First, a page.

30 Days of PF: My Message Is Hope

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by BNS Staff |

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Photo courtesy of Holly Patient

Day 25 of 30

This is Holly Patient’s story:

I don’t know exactly when my IPF journey began. Was it on that hike, when I felt dizzy and out of breath? Was it that time when I fell skiing and literally could not get up? I had skied all my life and did it fairly effortlessly. When did I begin making excuses to friends and start skipping hikes and after-work dog walks?

It was only when a persistent cough led to a check-up that I finally learned I had a lung problem. Next came a pulmonology referral, then the UCSF interstitial lung disease clinic. My IPF diagnosis came more than a year later, with worsening pulmonary function test and CT results.

I know the fear, fatigue, treatments and their side effects, never-ending appointments, unceasing anxiety. We hear the word “stress” all the time, often uttered by healthy folks with overly busy lives. Living with a terminal illness, with little hope of improvement, and planning for a short and dismal future — that is stress.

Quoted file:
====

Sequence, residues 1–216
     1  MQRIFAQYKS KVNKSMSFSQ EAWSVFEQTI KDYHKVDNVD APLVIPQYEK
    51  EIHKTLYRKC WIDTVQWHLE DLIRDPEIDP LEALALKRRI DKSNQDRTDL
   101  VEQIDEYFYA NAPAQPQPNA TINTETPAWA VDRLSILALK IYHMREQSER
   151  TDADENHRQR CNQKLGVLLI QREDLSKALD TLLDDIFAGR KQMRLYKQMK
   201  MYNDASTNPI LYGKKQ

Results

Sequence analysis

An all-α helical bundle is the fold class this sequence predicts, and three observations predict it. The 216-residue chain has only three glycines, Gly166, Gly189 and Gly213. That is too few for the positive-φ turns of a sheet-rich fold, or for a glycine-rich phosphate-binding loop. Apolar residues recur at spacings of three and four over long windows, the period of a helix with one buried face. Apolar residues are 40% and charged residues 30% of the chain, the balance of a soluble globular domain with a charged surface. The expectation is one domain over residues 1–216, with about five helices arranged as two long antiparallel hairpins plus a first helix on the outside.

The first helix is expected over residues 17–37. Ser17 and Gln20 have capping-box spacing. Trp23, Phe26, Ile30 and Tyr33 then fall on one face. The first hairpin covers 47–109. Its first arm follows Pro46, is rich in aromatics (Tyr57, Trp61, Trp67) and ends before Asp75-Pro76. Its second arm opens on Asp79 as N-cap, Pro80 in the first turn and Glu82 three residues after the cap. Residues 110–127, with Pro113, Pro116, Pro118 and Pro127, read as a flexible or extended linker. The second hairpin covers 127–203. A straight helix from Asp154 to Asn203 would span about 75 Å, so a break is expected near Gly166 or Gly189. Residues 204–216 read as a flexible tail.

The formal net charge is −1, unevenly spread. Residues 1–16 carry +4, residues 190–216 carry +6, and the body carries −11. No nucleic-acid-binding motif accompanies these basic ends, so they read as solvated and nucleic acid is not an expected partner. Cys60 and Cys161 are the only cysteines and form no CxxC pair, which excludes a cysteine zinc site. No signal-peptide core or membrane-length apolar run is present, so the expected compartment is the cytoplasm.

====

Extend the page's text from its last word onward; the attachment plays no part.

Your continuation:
My disease progressed rapidly. June 2018: IPF diagnosis. July 4: supplemental oxygen. August: pre-lung transplant orientation. September: leave my job, on disability. November: a bittersweet family reunion in Hawaii. December: worse and worse, ordered to sea level for Christmas. Dec. 26: pulmonology appointment in a wheelchair, back in Truckee, California. Consultation with UCSF and that night, I am on Careflight to the City by the Bay.

On March 15, 2019, my IPF journey ended, and my double lung transplant journey began.

Post-transplant life has its challenges and restrictions. Surveillance, tests, lab work, and follow-ups remain constant. I am alive! I treasure every moment with my loved ones, every glorious sunrise, every ride on my new e-bike, with the wind in my face and the river running beside me.

To you, my fellow IPF warriors, I want to say: “Have hope!” The transplant was the answer for me, and maybe it will be for you, too. It’s scary, even daunting, to contemplate. Remember, you are never alone in your transplant journey, and I hope that some of you reading this will join me. You can do it.

Note: Holly Patient’s daughter, Christie, writes the “Courage to Care” column for Pulmonary Fibrosis News.

Pulmonary Fibrosis News’ 30 Days of PF campaign will publish one story per day for PF Awareness Month in September. Follow us on Facebook and Instagram for more stories like this, using the hashtag #30DaysofPF, or read the full series.